BY RETRACING the footsteps of several memorable figures, a talk on the “Founding of Kuala Lumpur” acquainted a new generation of youths with the city’s exciting past through three unique perspectives.
The talk organised by Badan Warisan Malaysia (BWM) brought to light the more colourful aspects of the city’s history, said BWM executive director Elizabeth Cardosa.
“It’s a look at Kuala Lumpur and its history not from textbooks, but in the way we as a community, KL-ites and people who live in the city, interact and try to understand it in different ways from different perspectives.
“It’s our way of encouraging the sharing of local histories because all these stories contribute to the tapestry of our local culture, adding to our multicultural city,” she said.
What better way to start off than with a street-level tour using beautifully hand-drawn illustrations with two Kaki Jelajah Warisan guides, Novia Shin and Toh Chin Hong.
The informational graphic strips projected on the walls of BWM’s heritage halls depicted a brief timeline of Yap Ah Loy, also known as “Kapitan Cina”, regarded as one of the city’s founding fathers.
It begins with his arrival on Malayan soil in 1854 from China at the age of 18 and continues with his rumoured gambling issues as well as his involvement with the Hai San secret society and his underworld dealings with prostitution, racketeering and opium.
The timeline also covered the part Yap played in tin mining and the tax collection conflicts of the Selangor Civil War.
“Our tours allow people to imagine what it was like 100 years ago – how rivers were like highways in those days,” said Toh on Selangor royalty Raja Abdullah and Yap’s wanderings in the tropical forests, an area now known as Masjid Jamek.
“They are Kuala Lumpur stories told by people like you and me,” he said.
Great-granddaughter of Thamboosamy Pillay, Santa Kumari, then recounted her family history, revealing pieces of the story known only to her family.
Thamboosamy was recognised for his contribution as founder of the city’s oldest Hindu temple Sri Mahamariamman as well as his reputation as one of Victoria Institution’s original trustees.
“Just like the Chinese, families came over from their countries and brought their own deities, which sometimes belonged to their personal collection.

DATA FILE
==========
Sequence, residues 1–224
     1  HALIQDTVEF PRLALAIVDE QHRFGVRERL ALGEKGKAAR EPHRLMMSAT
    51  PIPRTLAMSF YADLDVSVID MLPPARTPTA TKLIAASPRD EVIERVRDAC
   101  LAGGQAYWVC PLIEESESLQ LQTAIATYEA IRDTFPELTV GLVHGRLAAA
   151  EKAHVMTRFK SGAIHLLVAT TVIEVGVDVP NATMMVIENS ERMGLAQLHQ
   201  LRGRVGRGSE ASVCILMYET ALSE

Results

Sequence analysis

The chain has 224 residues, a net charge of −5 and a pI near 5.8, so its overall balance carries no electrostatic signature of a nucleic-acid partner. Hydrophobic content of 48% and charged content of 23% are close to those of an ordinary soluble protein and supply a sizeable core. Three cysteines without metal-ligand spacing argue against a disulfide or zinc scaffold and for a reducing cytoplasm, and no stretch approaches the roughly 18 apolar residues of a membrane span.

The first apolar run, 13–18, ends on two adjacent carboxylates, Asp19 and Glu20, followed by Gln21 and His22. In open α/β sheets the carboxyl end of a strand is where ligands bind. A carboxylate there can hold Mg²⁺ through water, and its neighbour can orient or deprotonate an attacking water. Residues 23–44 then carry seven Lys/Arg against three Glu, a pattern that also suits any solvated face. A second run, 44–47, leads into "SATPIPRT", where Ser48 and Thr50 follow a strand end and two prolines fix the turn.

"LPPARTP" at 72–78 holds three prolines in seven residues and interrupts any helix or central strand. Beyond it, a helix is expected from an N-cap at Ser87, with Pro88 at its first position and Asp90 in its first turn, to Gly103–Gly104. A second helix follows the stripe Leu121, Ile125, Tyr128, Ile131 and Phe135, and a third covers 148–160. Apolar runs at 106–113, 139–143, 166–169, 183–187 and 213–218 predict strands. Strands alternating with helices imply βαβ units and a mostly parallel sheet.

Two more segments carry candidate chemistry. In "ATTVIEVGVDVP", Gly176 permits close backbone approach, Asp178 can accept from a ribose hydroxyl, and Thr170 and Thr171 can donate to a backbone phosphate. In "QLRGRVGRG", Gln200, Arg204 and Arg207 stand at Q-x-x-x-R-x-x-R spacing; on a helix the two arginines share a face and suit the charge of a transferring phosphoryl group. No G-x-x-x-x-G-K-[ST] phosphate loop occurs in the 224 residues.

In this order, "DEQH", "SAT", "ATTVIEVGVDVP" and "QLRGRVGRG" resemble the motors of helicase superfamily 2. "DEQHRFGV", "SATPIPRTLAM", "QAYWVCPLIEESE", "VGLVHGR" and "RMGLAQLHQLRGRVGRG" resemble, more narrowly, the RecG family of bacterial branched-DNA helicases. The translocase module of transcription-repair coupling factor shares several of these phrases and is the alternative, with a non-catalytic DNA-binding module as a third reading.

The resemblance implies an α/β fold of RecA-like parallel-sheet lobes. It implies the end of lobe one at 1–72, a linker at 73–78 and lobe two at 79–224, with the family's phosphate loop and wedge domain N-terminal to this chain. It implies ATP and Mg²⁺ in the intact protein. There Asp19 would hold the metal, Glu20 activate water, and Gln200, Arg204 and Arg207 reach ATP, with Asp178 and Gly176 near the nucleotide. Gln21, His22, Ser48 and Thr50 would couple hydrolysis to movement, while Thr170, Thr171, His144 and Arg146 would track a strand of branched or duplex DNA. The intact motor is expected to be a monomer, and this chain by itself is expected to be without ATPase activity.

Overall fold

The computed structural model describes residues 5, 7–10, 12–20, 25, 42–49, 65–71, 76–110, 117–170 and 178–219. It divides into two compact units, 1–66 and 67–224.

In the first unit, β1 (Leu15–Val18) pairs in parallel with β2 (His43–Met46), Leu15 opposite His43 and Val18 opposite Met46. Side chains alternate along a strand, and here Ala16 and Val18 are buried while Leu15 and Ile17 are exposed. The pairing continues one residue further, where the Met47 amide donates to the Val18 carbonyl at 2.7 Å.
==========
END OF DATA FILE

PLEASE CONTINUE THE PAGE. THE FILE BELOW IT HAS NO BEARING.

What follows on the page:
“He had brought the deities as a shrine for the family, not for the community; but he opened the doors to the public for everyone to pray.
“The Government then said all temples had to come under the charity act, but his family did not want to give up,” she said, relating the complications her family faced with a civil suit against the Government.
The final perspective came from Association of Tourism Training Institutes of Malaysia (ATTIM) president Faisal Abd Rahman, who tied together the pieces by introducing the shift in Selangor’s prominence to the building of Kuala Lumpur.
Tales of pirates hiding in mangrove forests and little islands made Selangor a less popular area to set up base compared to Malacca.
Faisal took participants through Sultan Abdul Samad’s era, when Kuala Lumpur was coming into prominence, elaborating on the Selangor Civil War as a catalyst.
“When relating the story of Kuala Lumpur, it’s very important for people to understand the context of the story.
“Because of the progress made in tin-mining technology in the Klang Valley, Kuala Lumpur provided the most money to the royal coffers and when the British wanted to set up the capital, they moved it up to Kuala Lumpur where the centre of economy was,” he said.
The recent talk, which was organised in collaboration with Think City Sdn Bhd and the Malaysian branch of the Royal Asiatic Society (MBRAS), is part of a series of events, including talks and tours familiarising Kuala Lumpur residents with a past forgotten and the Discover KL Tour tomorrow.
For details, visit www.badanwarisanmalaysia.org